How do you advocate equality and diversity in your school?

My job as headteacher is to help create the best conditions for success for all of our community. This means that balance needs to be a focus. If you are to create a truly ‘balanced’ environment it is impossible to do so without advocating both equality and diversity.

How do you talent spot/nurture aspiring leaders?

Feedback is king in this regard. Parents, students, peers, HoDs will all provide essential information about staff that when combined with the performance of the students you teach give a very clear picture.

How would you like to affect change in the system?

I am one that has advocated (polite version) trying to be inside the tent looking out than outside the tent looking in. We must engage with the decision makers. We must use the strong trust that parents have in us to rally their support also. We can’t just complain without attempting to offer a better alternative. The reason I got involved the Headteachers’ Roundtable was to attempt to do exactly that. Our opinions are our opinions, we can’t claim to speak for the profession, but the variety and range of schools and professionals represented means that we have as good a chance as any group of doing so.

How would you like to change the perception of Headteachers?

It is difficult at the moment to convince people that being a headteacher is much fun! Telling someone that they should go for it whilst wondering whether or not you will be employed after the next set of results would be disingenuous in many ways. However, one thing that really does irk me is the general perception that permeates many Twitter interactions of it being a them and us situation with SLT and the rest of the staff. I think it is important for my staff to know that I am a headTEACHER. I came into this job because I wanted to teach and I still do. Sometimes the age of my audience changes but it is still about teaching and my fundamental desire to improve our community and society more widely.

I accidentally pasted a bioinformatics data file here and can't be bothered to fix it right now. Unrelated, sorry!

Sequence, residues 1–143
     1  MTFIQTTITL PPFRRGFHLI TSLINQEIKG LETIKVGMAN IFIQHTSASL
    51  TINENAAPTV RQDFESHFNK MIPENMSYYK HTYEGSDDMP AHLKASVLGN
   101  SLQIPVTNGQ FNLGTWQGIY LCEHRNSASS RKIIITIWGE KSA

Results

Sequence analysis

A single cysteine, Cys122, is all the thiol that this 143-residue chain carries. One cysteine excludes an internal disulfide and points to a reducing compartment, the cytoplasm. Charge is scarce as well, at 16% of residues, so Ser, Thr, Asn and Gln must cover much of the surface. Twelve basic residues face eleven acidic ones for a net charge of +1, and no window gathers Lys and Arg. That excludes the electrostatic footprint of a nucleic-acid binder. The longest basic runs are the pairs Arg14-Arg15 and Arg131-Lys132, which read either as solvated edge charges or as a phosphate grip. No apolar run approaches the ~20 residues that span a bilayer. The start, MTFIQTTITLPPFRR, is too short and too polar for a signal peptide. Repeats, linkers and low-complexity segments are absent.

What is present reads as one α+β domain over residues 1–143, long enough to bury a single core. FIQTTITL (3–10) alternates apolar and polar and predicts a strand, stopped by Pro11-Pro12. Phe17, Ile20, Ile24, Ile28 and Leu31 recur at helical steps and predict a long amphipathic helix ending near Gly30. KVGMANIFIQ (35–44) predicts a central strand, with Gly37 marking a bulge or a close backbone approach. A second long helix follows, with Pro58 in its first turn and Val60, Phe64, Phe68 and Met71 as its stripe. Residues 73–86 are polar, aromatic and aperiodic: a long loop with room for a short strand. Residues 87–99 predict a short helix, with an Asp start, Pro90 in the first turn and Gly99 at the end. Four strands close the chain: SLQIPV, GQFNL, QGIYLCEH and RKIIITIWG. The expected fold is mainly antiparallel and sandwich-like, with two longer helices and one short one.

What are the values that shape you as a leader?

Community and family are at the core of my values. We have a responsibility to each other that means I should not need to make your life worse to make my life better. I am not certain that this is something that is always present in our times of cut throat accountability but it is needed more than ever. The system wants to pitch one headteacher against another and it is vital that within communities we don’t allow this to happen.

What have been the highs and lows of your role as Headteacher?

The highs come thick and fast. Seeing the dedication and skill of our performers in a school production. Watching as a young person stands up in front of their peers to make a presentation. Seeing a young person that has dedicated themselves to their studies achieve the results they deserve. Seeing how a young person has overcome the numerous barriers placed in front of them by the accident of their birth. I cling on to these. I ensure I have pictures and reminders of those moments around me and if all else fails I get off my backside and walk around our school which is filled with hard working and dedicated professionals and balls of energy that are ready to burst in to adulthood to improve the world.

Leadership Advice

“Teaching is not just a career choice it is a lifestyle choice too”.

Leadership Inspiration

I have a bookshelf groaning with books that I’ve recently read. The next one in line is about a free school somewhere in Brent I think. How will it shape me as a leader – I honestly don’t know.

Leadership Mantra

“Remember you make the weather”.

2 thoughts on “Talking Heads Blog #8: Vic Goddard